Disability History Month: Why "You've Never Had It So Good" is Actually Bullshit
While the theme for this year's Disability History Month is Leadership, Resistance and Culture, for this post I'm going a slightly different way, aiming for a basic overview of all of disability history.
Which was probably too much to try and cover in one go but here we are anyway. Obviously this doesn't, wouldn't and couldn't cover all nuances within the ENTIRE history of disabled people, but it's important for us to remember.
Also note: this is a pretty Euro/Anglo-centric summary, because that's where I am and where I have a lot of sources for.
This post has been delayed a week because I got ill with every single one of my diseases at the same time. Sorry about that.
People frequently tell me, and other disabled people, that we shouldn't complain so much about our lack of rights and terrible attitudes because "it's better than it's ever been!" These tend to be people whose knowledge of history is that they walked past the history section in the book shop a few months ago. To them, "we've never had it so good." Well, this is my "stuff you" because guess what, that's not what happened.
Theoretically, the primary attitude to the disabled as one of discrimination is actually relatively recent.
For years, history enthusiasts have carried the impression that disabled people, particularly disabled women, would not have managed to exist well in the ancient world. But current knowledge shows that is far from the case. In the 4th, 5th and 6th centuries BC, disabled people seem to have been the majority, there was no word for disability because essentially it may as well have been another word for "people". While disease, illness and congenital disabilities were still turning up in people at random like now, they were also embarking on unprecedented disabled people creation programmes (also known as wars).
Disability was everywhere, from beggars to the gods such as Hephaistos (or Hephaestus), the God of artisans who was clubfooted, lame and disfigured. There are two primary interpretations of why his lameness is not talked about (in a lot encyclopedia entries on him it won't even be mentioned): the first, that it was just incidental, it was so common it wasn't really noticed.
The second is more fun. In the ancient world, like we still do now to an extent, it was thought that if you lost one sense, another would be heightened. Except it didn't stop at what we consider the five senses, but applied to the rest of their body too.
So, maybe he was a successful craftsman and artisan because the detriment in his legs was being compensated by his arms.
Some people did think that if you were blind you couldn't hold high office, so there are ancient Greek stories of a leader being deposed and blinded so they couldn't rise to power again. We know of course that plenty of blind people still were in positions of power, for example the poet Homer. Like a lot of things, it was only a problem if they didn't like you anyway, and it saved them a job when you inevitably were deposed.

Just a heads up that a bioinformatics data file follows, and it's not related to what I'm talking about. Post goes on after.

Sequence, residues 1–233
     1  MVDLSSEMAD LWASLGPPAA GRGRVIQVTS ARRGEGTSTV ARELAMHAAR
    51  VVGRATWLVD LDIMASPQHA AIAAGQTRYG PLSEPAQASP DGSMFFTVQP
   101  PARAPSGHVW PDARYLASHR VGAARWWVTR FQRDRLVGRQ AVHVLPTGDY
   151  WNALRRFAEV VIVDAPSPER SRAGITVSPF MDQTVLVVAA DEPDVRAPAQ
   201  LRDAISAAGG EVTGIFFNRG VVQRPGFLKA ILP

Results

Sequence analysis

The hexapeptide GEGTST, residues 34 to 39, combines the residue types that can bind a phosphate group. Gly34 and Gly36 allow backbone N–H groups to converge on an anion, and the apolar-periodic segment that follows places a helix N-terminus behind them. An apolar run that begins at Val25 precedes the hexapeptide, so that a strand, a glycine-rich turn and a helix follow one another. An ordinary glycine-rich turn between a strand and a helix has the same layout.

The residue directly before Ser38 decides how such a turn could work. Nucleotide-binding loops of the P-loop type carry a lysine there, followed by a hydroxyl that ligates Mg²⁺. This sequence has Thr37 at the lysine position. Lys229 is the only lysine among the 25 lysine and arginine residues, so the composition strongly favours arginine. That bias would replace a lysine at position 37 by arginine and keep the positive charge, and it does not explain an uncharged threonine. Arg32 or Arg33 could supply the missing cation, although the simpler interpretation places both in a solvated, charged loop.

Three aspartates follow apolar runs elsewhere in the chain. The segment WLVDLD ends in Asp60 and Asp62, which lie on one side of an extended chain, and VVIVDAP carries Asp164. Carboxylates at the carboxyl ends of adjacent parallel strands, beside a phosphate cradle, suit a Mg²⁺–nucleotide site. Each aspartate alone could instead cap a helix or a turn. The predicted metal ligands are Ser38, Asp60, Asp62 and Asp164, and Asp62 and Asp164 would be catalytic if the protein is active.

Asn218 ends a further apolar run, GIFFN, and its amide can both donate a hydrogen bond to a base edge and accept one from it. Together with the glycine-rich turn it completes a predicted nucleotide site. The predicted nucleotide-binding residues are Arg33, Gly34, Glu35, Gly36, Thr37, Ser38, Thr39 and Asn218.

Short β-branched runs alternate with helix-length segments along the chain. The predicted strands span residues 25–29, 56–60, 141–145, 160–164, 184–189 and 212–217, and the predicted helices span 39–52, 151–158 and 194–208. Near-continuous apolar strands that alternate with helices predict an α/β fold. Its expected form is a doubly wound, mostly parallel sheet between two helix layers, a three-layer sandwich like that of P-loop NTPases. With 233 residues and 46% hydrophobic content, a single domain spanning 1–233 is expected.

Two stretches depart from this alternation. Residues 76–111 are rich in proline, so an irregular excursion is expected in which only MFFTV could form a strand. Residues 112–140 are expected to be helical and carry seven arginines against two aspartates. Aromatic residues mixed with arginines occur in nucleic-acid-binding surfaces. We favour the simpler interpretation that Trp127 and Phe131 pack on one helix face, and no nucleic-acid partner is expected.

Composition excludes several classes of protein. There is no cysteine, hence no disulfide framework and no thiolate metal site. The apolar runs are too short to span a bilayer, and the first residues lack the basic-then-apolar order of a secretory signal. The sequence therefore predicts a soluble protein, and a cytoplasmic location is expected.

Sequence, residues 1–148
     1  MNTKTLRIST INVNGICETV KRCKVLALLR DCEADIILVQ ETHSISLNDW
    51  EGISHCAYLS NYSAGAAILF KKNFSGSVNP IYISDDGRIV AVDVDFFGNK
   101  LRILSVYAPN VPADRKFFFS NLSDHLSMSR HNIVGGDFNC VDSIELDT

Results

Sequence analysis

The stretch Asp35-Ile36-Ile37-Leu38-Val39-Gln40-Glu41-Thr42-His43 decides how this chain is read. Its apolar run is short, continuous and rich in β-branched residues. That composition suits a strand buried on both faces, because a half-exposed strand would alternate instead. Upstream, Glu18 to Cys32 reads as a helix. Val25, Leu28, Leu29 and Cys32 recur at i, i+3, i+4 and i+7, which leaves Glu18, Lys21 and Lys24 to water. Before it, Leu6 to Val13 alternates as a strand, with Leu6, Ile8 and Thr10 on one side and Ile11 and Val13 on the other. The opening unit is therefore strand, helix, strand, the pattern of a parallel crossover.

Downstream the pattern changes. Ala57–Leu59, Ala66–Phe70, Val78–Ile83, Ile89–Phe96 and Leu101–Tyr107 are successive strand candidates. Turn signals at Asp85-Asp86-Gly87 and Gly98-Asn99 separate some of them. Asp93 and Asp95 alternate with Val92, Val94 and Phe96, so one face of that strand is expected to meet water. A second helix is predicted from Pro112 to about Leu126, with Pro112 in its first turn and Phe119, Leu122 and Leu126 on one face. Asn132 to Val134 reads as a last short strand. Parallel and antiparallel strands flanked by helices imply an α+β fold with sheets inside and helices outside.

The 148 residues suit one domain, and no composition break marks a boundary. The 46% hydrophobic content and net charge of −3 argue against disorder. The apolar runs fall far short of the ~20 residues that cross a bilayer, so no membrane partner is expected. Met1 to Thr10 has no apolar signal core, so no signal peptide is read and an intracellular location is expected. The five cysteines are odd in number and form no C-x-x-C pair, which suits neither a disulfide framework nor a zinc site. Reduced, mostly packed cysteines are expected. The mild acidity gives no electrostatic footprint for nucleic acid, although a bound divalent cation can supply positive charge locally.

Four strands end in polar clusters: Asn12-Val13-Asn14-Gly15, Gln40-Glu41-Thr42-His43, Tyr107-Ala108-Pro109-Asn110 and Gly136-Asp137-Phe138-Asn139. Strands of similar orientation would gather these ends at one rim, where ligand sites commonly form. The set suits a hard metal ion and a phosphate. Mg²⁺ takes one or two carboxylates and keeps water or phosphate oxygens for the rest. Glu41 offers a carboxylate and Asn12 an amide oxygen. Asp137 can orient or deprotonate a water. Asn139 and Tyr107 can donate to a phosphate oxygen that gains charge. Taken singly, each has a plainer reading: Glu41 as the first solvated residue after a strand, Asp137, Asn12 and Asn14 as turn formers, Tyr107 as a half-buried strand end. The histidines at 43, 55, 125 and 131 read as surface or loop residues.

The reality is that most people with disabilities, if it was mentioned at all, was only spoken of in passing, like you might describe someone's hair colour. (Oh and by the way, there's no real evidence of an established tradition for leaving sickly/disabled babies to die on a cliff.)
Similarly, we don't have a massive number of sources on disability in the medieval period or Middle Ages, but not because there weren't any or it was shoved out of the way, it was just so normal it was barely worth mentioning. Think about it, injuries and sickness were much more common than without modern medicine or the treatments we have now. There was no reason for it to stop you working or living in the community, you just adapted.
Of course there was an attitude by many that disability or illness was a punishment from God, or occasionally as a gift from God so that you do all your suffering before you die so you can go to heaven, which is convenient I guess? But there is much evidence of disabled people going on pilgrimages, and often doing a nice mutiny when they were being treated badly, echoing a disability rights movement which many think has only existed since the 1970s. But no, trust me, there were loads of us and we were mad as hell, right back to the medieval era.
Those who really were too disabled or sick to support themselves were helped by pseudo-hospitals set up by monks and nuns inside monasteries who saw it as part of their teachings to shelter any strangers who needed it, but when Henry VIII decided Catholicism was shit and dissolved them all, there was a period of rebuilding this kind of facility in a more centralised way, some still supported by the local religious community as well as taxpayers and donations, but away from the churches themselves. Other buildings for the benefit of the disabled were funded by rich people trying to make themselves look good (just like now) rather than by any form of civic duty or religious responsibility, but still, doing a good thing for a bad reason is still a good thing. Kinda.